Best hybrid cars

The best hybrid cars will help reduce your fuel bills without needing to be plugged in. These are our favourites

Electric cars and plug-in hybrids are great when it comes to reducing tailpipe emissions, but not everyone has the means to plug in their vehicles to keep the batteries topped up with juice.

If you're one of those people, then a hybrid car might be the answer: the technology helps make petrol (and sometimes diesel) vehicles go that little bit further on a tank of fuel, and they don't need to be plugged in via a cable.

There are various different types of hybrid car: a full hybrid (sometimes called a parallel hybrid) will draw electricity from the engine and regenerative braking, and will be capable of driving short distances on that electric power alone.

Mild-hybrids (sometimes branded as a 'self-charging' hybrid) are very similar, except they can't move under electric power only. Instead, the electrical energy is used to assist the engine, making acceleration easier and thus reducing fuel consumption.

And because their use of electric technology is more restrained, hybrid cars don't tend to be as expensive as their plug-in relatives, making them more accessible to potential buyers.

Interested? The best hybrid cars will give you everything a normal internal-combustion-engined vehicle will, but with improved fuel economy and reduced CO2 emissions. We've put together the following list to get you started...

Toyota Prius

Think of a hybrid and the Toyota Prius is probably the car that springs to mind. That’s because after four generations, Toyota has refined the formula to make a brilliant hybrid family car.

It’s not fast, but it’ll be quick enough for most, with 121bhp on tap from its 1.8-litre petrol engine and electric motor setup. Keep the revs low and refinement is good too, as the electric motor plays a strong supporting role to reduce the work the petrol engine has to do.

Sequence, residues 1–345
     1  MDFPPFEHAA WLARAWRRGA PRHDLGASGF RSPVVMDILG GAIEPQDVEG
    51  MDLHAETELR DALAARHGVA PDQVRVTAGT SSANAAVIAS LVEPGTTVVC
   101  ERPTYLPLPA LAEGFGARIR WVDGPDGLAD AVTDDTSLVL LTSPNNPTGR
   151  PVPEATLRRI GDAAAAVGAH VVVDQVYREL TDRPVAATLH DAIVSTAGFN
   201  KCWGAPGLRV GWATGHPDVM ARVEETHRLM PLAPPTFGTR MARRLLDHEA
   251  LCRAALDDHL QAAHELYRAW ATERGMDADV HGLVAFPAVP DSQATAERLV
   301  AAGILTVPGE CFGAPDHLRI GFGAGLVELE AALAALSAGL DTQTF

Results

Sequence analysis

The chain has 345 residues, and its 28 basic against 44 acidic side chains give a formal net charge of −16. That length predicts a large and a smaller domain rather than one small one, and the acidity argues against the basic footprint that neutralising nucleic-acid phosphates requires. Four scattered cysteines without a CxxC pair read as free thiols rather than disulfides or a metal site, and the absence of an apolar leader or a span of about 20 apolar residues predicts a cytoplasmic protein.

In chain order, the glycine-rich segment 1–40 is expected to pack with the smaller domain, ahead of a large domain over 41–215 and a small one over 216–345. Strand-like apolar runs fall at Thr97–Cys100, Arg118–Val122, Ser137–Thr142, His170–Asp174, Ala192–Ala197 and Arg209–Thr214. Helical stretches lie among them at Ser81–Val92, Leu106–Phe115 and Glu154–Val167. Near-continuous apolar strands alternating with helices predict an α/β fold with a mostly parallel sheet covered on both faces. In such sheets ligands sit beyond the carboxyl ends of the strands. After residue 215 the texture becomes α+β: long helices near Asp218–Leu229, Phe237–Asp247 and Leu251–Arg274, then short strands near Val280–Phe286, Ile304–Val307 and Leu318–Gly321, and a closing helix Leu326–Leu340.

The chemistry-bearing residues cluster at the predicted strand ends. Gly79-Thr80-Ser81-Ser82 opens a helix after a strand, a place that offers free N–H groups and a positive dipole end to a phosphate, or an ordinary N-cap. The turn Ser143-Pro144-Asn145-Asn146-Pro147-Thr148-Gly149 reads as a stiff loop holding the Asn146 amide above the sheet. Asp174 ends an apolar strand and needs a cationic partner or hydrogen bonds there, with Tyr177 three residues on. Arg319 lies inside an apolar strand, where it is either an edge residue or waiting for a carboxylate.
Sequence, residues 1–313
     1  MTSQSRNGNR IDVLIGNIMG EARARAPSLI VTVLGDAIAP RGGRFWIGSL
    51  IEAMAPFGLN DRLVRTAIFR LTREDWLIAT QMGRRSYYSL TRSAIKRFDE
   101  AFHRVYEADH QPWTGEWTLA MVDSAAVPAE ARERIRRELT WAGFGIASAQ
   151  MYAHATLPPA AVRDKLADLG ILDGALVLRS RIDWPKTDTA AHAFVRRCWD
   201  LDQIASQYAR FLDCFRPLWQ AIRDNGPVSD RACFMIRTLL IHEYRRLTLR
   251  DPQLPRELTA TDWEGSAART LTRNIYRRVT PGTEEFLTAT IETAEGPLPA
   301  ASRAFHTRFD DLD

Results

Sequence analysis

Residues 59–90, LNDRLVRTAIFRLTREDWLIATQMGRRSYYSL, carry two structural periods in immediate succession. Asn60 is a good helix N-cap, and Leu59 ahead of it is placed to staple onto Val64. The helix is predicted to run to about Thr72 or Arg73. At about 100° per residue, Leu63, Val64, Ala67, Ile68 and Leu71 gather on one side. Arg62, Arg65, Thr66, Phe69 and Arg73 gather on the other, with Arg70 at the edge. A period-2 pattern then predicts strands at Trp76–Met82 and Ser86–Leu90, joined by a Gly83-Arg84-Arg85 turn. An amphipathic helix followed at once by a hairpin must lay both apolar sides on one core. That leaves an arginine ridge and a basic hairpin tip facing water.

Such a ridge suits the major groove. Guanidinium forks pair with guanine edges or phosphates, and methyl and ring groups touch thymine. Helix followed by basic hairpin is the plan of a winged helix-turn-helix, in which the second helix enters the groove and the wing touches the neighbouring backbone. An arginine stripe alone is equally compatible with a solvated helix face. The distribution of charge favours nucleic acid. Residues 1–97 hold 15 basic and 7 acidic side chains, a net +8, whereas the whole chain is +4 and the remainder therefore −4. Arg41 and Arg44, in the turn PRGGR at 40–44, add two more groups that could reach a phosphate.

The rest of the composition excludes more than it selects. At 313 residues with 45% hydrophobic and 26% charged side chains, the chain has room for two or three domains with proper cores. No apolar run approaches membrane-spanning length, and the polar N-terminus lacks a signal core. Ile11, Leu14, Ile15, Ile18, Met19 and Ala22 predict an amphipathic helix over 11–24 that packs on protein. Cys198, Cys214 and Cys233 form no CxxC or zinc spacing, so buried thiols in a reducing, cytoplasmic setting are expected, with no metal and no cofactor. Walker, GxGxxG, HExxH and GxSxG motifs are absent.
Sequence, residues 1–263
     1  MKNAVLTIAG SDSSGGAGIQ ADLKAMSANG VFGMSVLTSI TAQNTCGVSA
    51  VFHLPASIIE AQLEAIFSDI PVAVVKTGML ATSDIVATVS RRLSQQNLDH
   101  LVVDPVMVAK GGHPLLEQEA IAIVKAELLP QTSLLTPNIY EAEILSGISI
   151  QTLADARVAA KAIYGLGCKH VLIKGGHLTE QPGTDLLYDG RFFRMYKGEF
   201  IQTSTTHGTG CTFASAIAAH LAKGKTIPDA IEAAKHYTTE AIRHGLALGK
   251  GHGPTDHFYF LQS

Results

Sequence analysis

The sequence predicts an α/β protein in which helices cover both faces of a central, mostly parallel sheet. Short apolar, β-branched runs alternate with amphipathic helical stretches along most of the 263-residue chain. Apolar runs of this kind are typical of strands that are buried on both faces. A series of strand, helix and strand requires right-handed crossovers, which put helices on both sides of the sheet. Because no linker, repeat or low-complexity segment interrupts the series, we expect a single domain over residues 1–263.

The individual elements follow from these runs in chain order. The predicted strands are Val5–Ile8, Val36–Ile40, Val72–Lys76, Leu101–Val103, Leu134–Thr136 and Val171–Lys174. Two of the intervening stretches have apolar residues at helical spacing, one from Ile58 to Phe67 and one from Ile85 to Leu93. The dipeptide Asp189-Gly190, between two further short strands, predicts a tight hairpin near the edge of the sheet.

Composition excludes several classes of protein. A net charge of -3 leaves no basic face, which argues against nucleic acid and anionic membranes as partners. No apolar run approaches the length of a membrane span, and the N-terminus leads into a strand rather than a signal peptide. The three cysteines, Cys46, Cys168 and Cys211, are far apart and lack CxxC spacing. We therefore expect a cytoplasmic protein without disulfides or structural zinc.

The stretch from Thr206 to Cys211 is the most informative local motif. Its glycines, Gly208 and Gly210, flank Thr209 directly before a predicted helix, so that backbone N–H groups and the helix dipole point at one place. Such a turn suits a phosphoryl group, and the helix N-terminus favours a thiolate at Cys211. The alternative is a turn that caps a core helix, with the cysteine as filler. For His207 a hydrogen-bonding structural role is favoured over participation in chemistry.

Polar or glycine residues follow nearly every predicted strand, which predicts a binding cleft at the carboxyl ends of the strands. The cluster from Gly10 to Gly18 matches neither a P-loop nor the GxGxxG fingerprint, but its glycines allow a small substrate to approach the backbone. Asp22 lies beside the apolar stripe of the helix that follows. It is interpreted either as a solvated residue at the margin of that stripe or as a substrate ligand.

The Prius’ infotainment is limited, but that’s about the biggest flaw, as otherwise there’s lots of space and light, a decent 343-litre boot and plenty of comfort if you stick with the smaller wheels. It rides nicely, so even around town, it's smooth and serene.

It’s a bit noisy if you push the engine and the gearbox isn’t that responsive, but it steers and handles respectably and – importantly – delivers real-world economy (claims are 83.1mpg and 78g/km CO2) that makes it one of the most affordable hybrids on sale to run.

Read our full review.

Hyundai Ioniq Hybrid

It’s no surprise the Hyundai Ioniq looks a little bit like the Toyota Prius when it comes to the car’s general shape. It’s a direct rival to the Toyota and boasts a similar setup.

Here, there’s a 1.6-litre petrol engine and a larger 1.56kWh battery supplying an electric motor for a total of 139bhp. It’s responsive enough and the dual-clutch gearbox is nice, but the Ioniq’s ride is firm and the car bounces from bump to bump, which hampers comfort.

However, hybrids are about efficiency and the Ioniq Hybrid scores well, with official figures of 63mpg and CO2 emissions of 85g/km, so it’ll be cheap to run.

It’ll also be easy to live with, as there’s good space inside thanks to the large body and 443-litre boot. Where the Ioniq really scores well is the infotainment – like the brand’s Kona Electric, the setup is intuitive to use and loaded with technology.

Read our full review.

Toyota C-HR Hybrid